‘Beacons – Stories For Our Not So Distant Future’

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‘Our Jordan is Not Nuclear’ Say Greenpeace Activists Tue, 23 Apr 2013 14:09:10 +0000 Our Jordan isn't NuclearCampaigners step up their lobbying for a nuclear-free Jordan as the final decision with regards to the chosen firm approaches. The Jordanian government will pick the firm which will build Jordan’s first nuclear station in May.

Greenpeace campaigners in Jordan have urged the government to consider “the dire risks” the proposed nuclear project will have on current and future generations. “Nuclear reactors can never be safe. That is the reality,” said Safa’ Jayoussi, Greenpeace Climate and Energy Campaigner in Jordan. “It is time the government takes seriously our proposition for an energy policy based on renewables.” Greenpeace have issued a report entitled ‘The Future of Energy in Jordan’ illustrating the vast potential for renewable energy in the form of wind and solar energy.

The report states that Jordan’s lack of nuclear expertise alongside serious challenges such as a lack of cooling water, existing grid weakness and seismic concerns, make the proposed nuclear project a real threat to Jordanians. Renewable energy resources – particularly solar, however – can technically provide sixty times more than Jordan’s electricity consumption in 2050.

Greenpeace asserts that a vision for a nuclear free Jordan is possible, and a bold vision for 100% renewable is in fact attainable by 2050 and will contribute significantly to the local economy with the creation of more than one hundred thousand direct and indirect jobs, and a saving of over $19 billion (on a present value basis) by 2050.More than 20 million Jordanian Dinars being spent over the past five years on the nuclear power program.

Hoda Baraka, Greenpeace Communications Officer said; “Jordan has tremendous potential for utilizing wind and solar sources of energy making this a viable and safe substitute to nuclear. The Jordanian people deserve a bright future away from the nuclear gloom.”

Greenpeace calls on the Jordanian Prime Minister to listen to the people and issue a decision to stop the proposed nuclear program.

To sign the Greenpeace anti-nuclear petition, visit their website. They currently have over 5,000 signatories.

For more on Jordan and it’s nuclear plans:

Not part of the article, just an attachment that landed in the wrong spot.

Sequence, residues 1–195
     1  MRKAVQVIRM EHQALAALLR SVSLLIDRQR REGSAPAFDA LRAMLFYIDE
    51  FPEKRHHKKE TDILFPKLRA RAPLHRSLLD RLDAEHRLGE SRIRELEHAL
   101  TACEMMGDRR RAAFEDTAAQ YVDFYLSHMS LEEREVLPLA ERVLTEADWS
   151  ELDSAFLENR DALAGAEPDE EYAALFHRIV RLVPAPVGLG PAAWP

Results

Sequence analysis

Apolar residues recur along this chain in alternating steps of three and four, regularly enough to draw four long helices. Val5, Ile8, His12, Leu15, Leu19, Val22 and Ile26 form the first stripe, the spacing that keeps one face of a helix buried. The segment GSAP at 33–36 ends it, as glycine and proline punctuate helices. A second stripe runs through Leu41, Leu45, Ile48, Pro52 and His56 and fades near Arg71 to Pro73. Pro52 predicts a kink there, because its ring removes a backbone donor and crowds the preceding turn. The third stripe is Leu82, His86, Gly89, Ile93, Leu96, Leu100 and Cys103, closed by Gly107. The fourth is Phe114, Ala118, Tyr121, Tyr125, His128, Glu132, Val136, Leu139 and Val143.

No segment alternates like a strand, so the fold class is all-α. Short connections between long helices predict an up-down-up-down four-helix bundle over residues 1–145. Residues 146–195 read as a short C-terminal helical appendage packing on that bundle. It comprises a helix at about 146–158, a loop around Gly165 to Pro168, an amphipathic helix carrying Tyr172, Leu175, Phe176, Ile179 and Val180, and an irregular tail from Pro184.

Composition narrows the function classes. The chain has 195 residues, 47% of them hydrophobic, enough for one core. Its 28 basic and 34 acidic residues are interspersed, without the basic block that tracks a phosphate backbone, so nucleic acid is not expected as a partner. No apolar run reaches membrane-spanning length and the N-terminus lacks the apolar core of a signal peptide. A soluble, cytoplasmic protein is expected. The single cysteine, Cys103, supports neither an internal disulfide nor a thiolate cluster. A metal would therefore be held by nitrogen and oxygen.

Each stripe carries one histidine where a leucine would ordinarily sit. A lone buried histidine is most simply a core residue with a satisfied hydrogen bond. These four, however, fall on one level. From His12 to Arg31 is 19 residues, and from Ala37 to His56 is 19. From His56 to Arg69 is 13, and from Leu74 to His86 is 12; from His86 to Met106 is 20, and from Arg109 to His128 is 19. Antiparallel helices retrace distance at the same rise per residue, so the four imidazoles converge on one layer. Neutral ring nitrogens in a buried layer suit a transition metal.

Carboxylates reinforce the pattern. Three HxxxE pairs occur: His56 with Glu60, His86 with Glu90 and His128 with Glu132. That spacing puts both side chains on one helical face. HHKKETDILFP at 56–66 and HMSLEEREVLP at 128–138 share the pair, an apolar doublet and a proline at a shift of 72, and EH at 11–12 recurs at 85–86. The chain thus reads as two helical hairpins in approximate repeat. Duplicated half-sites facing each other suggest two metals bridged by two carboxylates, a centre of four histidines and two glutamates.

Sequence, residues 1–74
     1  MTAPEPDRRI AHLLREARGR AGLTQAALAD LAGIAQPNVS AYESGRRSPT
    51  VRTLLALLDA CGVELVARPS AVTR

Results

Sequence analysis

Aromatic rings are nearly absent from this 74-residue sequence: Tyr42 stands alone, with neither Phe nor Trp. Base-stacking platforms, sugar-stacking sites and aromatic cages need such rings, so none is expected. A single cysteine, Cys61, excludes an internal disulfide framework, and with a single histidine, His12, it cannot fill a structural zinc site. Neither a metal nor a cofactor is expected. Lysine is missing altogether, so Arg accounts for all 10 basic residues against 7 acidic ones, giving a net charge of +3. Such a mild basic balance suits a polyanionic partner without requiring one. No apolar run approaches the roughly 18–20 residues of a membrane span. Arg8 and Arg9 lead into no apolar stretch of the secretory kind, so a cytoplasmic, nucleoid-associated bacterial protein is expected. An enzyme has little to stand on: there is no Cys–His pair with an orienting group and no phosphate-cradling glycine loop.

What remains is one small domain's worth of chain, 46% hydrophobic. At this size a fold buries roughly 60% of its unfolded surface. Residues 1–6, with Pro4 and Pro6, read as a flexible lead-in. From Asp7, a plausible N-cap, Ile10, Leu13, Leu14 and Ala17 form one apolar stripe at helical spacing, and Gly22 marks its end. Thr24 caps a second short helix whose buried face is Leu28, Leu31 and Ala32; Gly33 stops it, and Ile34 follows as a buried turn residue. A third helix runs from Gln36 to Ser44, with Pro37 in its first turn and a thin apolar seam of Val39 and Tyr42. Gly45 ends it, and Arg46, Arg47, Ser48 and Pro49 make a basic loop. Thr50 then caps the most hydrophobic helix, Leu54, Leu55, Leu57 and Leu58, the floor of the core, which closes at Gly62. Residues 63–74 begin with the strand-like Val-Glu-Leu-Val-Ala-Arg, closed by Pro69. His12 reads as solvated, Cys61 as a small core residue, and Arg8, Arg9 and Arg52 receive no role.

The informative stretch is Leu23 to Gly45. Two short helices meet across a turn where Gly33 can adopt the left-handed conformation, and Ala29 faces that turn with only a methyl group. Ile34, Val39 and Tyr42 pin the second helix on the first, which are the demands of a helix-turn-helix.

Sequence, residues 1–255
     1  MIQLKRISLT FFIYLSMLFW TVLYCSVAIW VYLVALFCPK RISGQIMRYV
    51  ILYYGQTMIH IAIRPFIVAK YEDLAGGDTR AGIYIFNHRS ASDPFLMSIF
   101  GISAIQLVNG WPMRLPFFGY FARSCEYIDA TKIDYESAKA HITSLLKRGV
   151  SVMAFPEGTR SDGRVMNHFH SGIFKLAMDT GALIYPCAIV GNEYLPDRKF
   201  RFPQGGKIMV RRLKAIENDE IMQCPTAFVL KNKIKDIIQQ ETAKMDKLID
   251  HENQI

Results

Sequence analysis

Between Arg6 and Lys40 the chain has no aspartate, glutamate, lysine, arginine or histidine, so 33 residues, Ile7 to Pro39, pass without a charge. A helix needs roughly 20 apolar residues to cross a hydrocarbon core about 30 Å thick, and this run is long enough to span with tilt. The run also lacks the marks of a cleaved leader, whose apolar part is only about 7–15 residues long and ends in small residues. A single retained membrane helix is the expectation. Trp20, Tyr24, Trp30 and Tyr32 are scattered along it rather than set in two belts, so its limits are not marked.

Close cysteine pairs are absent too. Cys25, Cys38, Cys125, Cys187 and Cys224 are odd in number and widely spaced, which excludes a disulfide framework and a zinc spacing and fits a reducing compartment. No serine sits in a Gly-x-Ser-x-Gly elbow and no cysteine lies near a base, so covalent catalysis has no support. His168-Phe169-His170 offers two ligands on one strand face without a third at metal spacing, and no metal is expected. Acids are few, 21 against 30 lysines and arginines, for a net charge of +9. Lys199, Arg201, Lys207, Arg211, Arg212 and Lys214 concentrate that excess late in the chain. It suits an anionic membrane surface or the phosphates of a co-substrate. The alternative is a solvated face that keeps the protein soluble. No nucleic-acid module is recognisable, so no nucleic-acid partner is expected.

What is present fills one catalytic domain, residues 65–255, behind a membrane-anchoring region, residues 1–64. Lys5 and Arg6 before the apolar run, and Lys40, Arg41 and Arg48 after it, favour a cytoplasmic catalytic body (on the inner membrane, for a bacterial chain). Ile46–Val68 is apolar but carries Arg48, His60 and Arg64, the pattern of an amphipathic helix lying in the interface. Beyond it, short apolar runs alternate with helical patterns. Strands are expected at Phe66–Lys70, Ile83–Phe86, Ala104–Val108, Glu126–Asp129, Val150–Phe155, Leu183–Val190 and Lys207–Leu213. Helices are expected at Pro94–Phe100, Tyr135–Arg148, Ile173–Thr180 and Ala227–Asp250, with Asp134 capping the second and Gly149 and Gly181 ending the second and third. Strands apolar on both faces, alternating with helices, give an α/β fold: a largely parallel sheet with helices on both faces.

Jordan’s Nuclear Plans Doomed Says Industry Expert

Greenpeace Assess Jordan’s Energy Future Without Nuclear

Basel Burgan – A Force Behind Jordan’s Anti-Nuke Movement

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‘Beacons – Stories For Our Not So Distant Future’ Are Climate Shorts Mon, 22 Apr 2013 14:21:00 +0000 beacons climate change short story reviewA great collection of short stories inspired by the ecological crisis which are honest, creative and sometimes really funny

I don’t know if it’s just me but whenever someone recommends a book that is for charity or even a song that is ‘worthy’ – alarm bells go off. Alarms that tell me to stay away and to avoid contact at all costs. ‘If they want money, then just ask and don’t put us through the hassle to reading drivel written by virtuous people or music designed for hippies with only the strongest stamina’ I reason. As such, you can imagine my delight when I did actually read a book of climate-inspired short stories which is not only giving all the royalties to the ‘Stop Climate Chaos Coalition’ but is also genuinely worth recommending. This can’t happen often – or I hope not, as I might be missing out on some great stuff.

There are 21 stories in ‘Beacons – Stories For Our Not So Distant Future’, one of which is a graphic short story, with contributions from the UK’s greatest short story writers. There’s a story with a time machine, one with a Scottish Chief, a story about a vanilla sundae with hot chocolate sauce, one about suicide-inducing TV presenters, Marco Polo, about children, death, unfulfilled love and loads more about people navigating a quickly shifting landscape where the norm is no more.

Here’s what you need to know (in a format inspired by the short stories):

1. You need to read more stuff by Adam Marek, David Constantine, Liz Jenson and A.L.Kennedy. Holly Howitt and Jem Poster were pretty good too. They all have great stories in the collection, but that’s obvious isn’t it.

2. There are only two, maybe 3, stories which are duds which isn’t bad considering there are 21 stories in the collection.

3. The editor has done a great job. It also seems that all the writers all have taken the theme seriously and thought hard about the issue of climate change before putting pen to paper/hand to keyboard(?).

4. I have been informed by a reliable friend that my criticism that most of the authors mention the weather is unfair as this collection is about climate change.

5. I love short stories and also happen to know the editor Gregory Norminton so I might be a tad biased. But only a tad.

6. Helen Simpson, who has written a great short story collection on climate change titled ‘In Flight Entertainment’, is missing from the collection. Maybe she was all out of climate stories. Who knows.

7. All the stories are new commissions. No reprints, no nothing – all in all, you get your money’s worth.

8. The editor decided to put together the book to support the Stop Climate Chaos Coalition back in 2007. The collection has been a long time coming but I think the final product was worth the wait.


9. It’s only £8.99/ $14.99 and you can buy Beacons – Stories For Our Not So Distant Future here.

10. If want to read another great collection of environmentally inspired stories after you’ve read this collection, you could do worse than to read Verso’s ‘I’m With The Bears’ which was reviewed here.

Title: Beacons – Stories for our not so distant future
Editor: Gregory Norminton
Publication Date: 07/03/2013
256 pages

For more book reviews see: 
A No-Nonsense Guide To Climate Change by Danny Chivers
Book Review – I’m With The Bears
Earth Architect Nader Khalili’s Book: Racing Alone

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Sign to Save Lebanon’s Turtles! Ancient Naqura Coast on Mediterranean Sea At Risk Sun, 21 Apr 2013 14:04:01 +0000 Turtles at the Lebanese CoastCampaigners in Lebanon are asking for support to protect an ancient Phoenician coastline which is under threat due to a port project